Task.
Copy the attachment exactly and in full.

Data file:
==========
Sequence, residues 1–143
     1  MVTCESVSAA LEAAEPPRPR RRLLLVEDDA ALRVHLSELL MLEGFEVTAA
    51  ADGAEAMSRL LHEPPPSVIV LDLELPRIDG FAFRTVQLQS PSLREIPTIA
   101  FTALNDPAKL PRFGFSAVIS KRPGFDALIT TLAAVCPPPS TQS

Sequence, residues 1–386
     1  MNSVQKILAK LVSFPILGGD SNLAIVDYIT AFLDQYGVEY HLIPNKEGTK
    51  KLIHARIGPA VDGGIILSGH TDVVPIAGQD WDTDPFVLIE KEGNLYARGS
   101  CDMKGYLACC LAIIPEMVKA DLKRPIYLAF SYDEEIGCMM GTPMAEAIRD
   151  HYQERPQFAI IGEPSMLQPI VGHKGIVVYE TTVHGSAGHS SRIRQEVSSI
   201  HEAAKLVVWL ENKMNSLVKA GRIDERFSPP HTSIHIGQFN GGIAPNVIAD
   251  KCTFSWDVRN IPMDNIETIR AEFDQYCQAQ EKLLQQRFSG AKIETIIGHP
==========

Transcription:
Sequence, residues 1–143
     1  MVTCESVSAA LEAAEPPRPR RRLLLVEDDA ALRVHLSELL MLEGFEVTAA
    51  ADGAEAMSRL LHEPPPSVIV LDLELPRIDG FAFRTVQLQS PSLREIPTIA
   101  FTALNDPAKL PRFGFSAVIS KRPGFDALIT TLAAVCPPPS TQS

Sequence, residues 1–386
     1  MNSVQKILAK LVSFPILGGD SNLAIVDYIT AFLDQYGVEY HLIPNKEGTK
    51  KLIHARIGPA VDGGIILSGH TDVVPIAGQD WDTDPFVLIE KEGNLYARGS
   101  CDMKGYLACC LAIIPEMVKA DLKRPIYLAF SYDEEIGCMM GTPMAEAIRD
   151  HYQERPQFAI IGEPSMLQPI VGHKGIVVYE TTVHGSAGHS SRIRQEVSSI
   201  HEAAKLVVWL ENKMNSLVKA GRIDERFSPP HTSIHIGQFN GGIAPNVIAD
   251  KCTFSWDVRN IPMDNIETIR AEFDQYCQAQ EKLLQQRFSG AKIETIIGHP